Once home, I picked tomatoes for dinner, which was sweet corn, thick-sliced tomatoes and apple cider. The whole day set me back $117.53 plus fuel.

A bargain vacation while sustaining a life in a turbulent world.

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Hillary At Summer’s End

Hillary PrideHillary Clinton continues to lead the Democratic field in recent Iowa polling. Simply put, the remaining contenders seem unlikely to close the gap between summer’s end and the Feb. 1 caucus.

It’s possible, but unlikely, even if something new about Hillary comes up.

She has a proven ability to shed Republican faux scandals. The form they take once debunked is of distorted sound in the mostly right wing echo chamber. Rank and file Democrats aren’t listening, even if Democratic elites are. To the extent Clinton’s Democratic rivals bring them up, their campaigns are the less. Read Greg Sargent’s take on the elites here.

Media reports this week revealed “there was no policy prohibiting the use of a private email account at the State Department.” Like it or not, her State Department emails are expected to persist in the Republican lexicon, and real people will spend substantial resources working to gin up some trouble for Clinton, even though the State Department said she did nothing wrong.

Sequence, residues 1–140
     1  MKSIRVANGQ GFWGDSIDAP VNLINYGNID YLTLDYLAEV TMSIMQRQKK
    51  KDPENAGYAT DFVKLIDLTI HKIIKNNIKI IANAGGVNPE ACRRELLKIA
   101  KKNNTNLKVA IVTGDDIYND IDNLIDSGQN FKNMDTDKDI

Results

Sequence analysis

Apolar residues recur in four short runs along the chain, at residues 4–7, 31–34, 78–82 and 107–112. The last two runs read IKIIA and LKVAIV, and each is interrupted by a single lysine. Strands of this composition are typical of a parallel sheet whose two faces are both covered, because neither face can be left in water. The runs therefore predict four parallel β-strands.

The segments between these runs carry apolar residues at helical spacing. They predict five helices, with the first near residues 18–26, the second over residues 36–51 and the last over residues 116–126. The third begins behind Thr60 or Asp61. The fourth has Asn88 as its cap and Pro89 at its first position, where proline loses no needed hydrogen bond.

Hillary’s polling in other states is not as favorable as it is in Iowa. Bernie Sanders edges her out in his backyard state of New Hampshire. If Sanders is viable in any respect, he should win New Hampshire. If he does not, it’s game over and Hillary Clinton will become the Democratic nominee

Gabriel Debenedette pointed out on Politico Hillary has the resources and more importantly boots on the ground in the Super Tuesday, March 1 states. One expects she will have the nomination wrapped up by then. According to Debenedette, she’s building a firewall there.

I hang out with an informal group of low-wage workers from time to time. One could call it a focus group, but that would be giving it more structure than probably exists.

There is pent up demand to talk about Donald Trump.

The other day someone mentioned his name and the mere mention unleashed comments from almost everyone. It was evidence of Trump’s mastery of popular culture — something that should be no surprise to anyone familiar with his long-running television program.

“Donald Trump is building his Republican presidential campaign staff in Iowa similar to his defunct NBC-TV series ‘The Apprentice’ — and his celebrity is making it easier on some fronts,” Todd Beamon pointed out on Newsmax.

What do members of the group say about Hillary?